The worst of the long-term deficiencies are likely to remain for some time. For them to be removed by the end of September, for example, falls over the next three months would need to be in the highest 10% of the historical record in some areas, especially in Victoria and WA…This means that it will take above average rainfall just to produce average runoff, and very considerable rainfall to make a material difference to water storages.

Woody Mann-Caruso 9:02 pm 12 Jul 07

Your hand is on it too regularly for comfort WMD

So you’re saying we can generalise about the whole of Australia because we’ve just had a bit of rain here? Or are you just fantasizing about my dick again, elfboy?

At least the drought is over in this area.

The 65 year average rainfall for the months January to June is ~300mm. We only just hit that this year, thanks to whopping downpours in February and June (you know, just like Mr Flummery predicted – no rain, then more rain than anybody can use all at once, then no rain…?) Every other month was below average, with some months well below average, and July is on target to be average or below average.

If the drought is over, that’s great, but it’s much too early for anybody to make that claim. Actew’s response to delay the onset of stage 4 restrictions and then wait and see how things play out – that is, to get some actual f*cking data instead of predicting the future with your ugly, ugly heads stuck up your collective arses – is the rational course of action.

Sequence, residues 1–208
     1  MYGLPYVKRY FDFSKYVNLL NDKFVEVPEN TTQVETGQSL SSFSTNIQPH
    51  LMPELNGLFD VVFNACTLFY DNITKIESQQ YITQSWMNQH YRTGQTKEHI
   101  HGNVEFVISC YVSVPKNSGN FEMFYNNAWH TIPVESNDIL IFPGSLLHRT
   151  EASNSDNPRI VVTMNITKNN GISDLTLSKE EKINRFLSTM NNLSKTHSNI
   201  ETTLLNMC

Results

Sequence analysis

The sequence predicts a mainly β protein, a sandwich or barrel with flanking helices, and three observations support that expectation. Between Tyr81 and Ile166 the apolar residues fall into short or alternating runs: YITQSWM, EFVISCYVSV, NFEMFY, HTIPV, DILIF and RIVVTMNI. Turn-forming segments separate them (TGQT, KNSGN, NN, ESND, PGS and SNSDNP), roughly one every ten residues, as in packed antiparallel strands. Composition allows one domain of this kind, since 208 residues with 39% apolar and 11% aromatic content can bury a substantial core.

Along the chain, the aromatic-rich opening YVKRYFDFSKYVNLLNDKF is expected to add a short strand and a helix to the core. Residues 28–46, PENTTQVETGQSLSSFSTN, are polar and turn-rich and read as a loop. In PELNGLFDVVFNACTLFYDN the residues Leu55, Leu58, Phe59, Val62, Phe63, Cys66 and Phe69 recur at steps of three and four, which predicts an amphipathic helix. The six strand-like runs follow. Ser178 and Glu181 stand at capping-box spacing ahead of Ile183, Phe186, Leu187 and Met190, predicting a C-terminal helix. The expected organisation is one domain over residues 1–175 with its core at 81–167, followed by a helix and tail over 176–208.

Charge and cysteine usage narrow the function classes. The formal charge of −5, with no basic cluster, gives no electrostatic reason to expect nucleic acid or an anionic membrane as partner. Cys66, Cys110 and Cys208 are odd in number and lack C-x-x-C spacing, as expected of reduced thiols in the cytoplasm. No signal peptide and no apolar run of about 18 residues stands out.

Our dam levels got to where they were Woody because of drought, remember, not profligate consumption

“Profligate consumption” is where use exceeds supply, like it does now. Or are you suggesting that if our annual consumption hadn’t gone from ~65K ML in 2000, 2001, 2002 and 2003 to just 51K ML in 2004/05 we’d have the same dam levels we have now? Or the fact that in winter we only use ~100 ML per day instead of over 200 has had no effect on dam levels? Seriously, what’s your job title at Treasury – Director, Nasal Crayon Insertion? Maybe you should spend less time staring at the bus stop across the road and more learning about the real world.

lateralis 4:12 pm 12 Jul 07

I’m glad you made that last post Thumper, because I am not sure why anyone would need to be watering at the moment.

Thumper 2:49 pm 12 Jul 07

I’m actually quite happy to keep the status quo until we need the water, ie, summer when all the plants are dying.

Ralph 2:33 pm 12 Jul 07

Our dam levels got to where they were Woody because of drought, remember, not profligate consumption.

Thumper 2:33 pm 12 Jul 07

A slight lifting of restrictions would not hurt, in fact it would be seen as a thank you for toeing the line for so long.

Afterall, the forecast is for more rain therefore people should have no need to water anything.

Let’s hope the rains continue all the way into early summer at least. At least the drought is over in this area.

Maelinar 2:29 pm 12 Jul 07

Your hand is on it too regularly for comfort WMD.

barking toad 2:15 pm 12 Jul 07

Flummery reckoned Sydney was going to run out of water before he moved states and nominated Brisbane and Adelaide. But he had the solution. Sea levels were going to rise by 100 feet because of gorebull worming.

Woody Mann-Caruso 2:01 pm 12 Jul 07

So much for eco scaremongerer Tim Flummery’s doomsday scenario

Yeah, because small, recent changes in a local system (in winter, no less, when we use less water) let us generalise about the whole of Australia.

Bans on household irrigation systems should now be lifted, Actew.

I agree. Let’s not make the most of these small mercies. Let’s squander it like we did before – you know, so we end up where we are now.